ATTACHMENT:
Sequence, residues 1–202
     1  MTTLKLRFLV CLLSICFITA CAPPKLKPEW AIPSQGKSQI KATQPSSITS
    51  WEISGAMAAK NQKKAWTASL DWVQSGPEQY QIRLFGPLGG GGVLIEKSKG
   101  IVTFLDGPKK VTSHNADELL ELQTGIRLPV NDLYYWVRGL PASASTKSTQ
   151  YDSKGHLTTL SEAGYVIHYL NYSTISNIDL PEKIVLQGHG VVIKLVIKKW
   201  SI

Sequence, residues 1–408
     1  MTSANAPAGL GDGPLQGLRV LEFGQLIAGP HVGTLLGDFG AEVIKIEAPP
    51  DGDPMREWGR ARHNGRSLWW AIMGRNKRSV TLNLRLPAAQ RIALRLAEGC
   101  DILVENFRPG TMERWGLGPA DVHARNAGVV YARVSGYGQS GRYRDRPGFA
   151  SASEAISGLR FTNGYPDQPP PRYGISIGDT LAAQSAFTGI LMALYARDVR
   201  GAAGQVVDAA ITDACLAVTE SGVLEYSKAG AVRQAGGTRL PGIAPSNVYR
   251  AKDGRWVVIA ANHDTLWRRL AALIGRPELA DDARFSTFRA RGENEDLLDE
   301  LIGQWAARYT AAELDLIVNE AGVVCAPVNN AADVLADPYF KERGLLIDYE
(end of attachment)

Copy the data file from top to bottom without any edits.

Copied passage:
Sequence, residues 1–202
     1  MTTLKLRFLV CLLSICFITA CAPPKLKPEW AIPSQGKSQI KATQPSSITS
    51  WEISGAMAAK NQKKAWTASL DWVQSGPEQY QIRLFGPLGG GGVLIEKSKG
   101  IVTFLDGPKK VTSHNADELL ELQTGIRLPV NDLYYWVRGL PASASTKSTQ
   151  YDSKGHLTTL SEAGYVIHYL NYSTISNIDL PEKIVLQGHG VVIKLVIKKW
   201  SI

Sequence, residues 1–408
     1  MTSANAPAGL GDGPLQGLRV LEFGQLIAGP HVGTLLGDFG AEVIKIEAPP
    51  DGDPMREWGR ARHNGRSLWW AIMGRNKRSV TLNLRLPAAQ RIALRLAEGC
   101  DILVENFRPG TMERWGLGPA DVHARNAGVV YARVSGYGQS GRYRDRPGFA
   151  SASEAISGLR FTNGYPDQPP PRYGISIGDT LAAQSAFTGI LMALYARDVR
   201  GAAGQVVDAA ITDACLAVTE SGVLEYSKAG AVRQAGGTRL PGIAPSNVYR
   251  AKDGRWVVIA ANHDTLWRRL AALIGRPELA DDARFSTFRA RGENEDLLDE
   301  LIGQWAARYT AAELDLIVNE AGVVCAPVNN AADVLADPYF KERGLLIDYE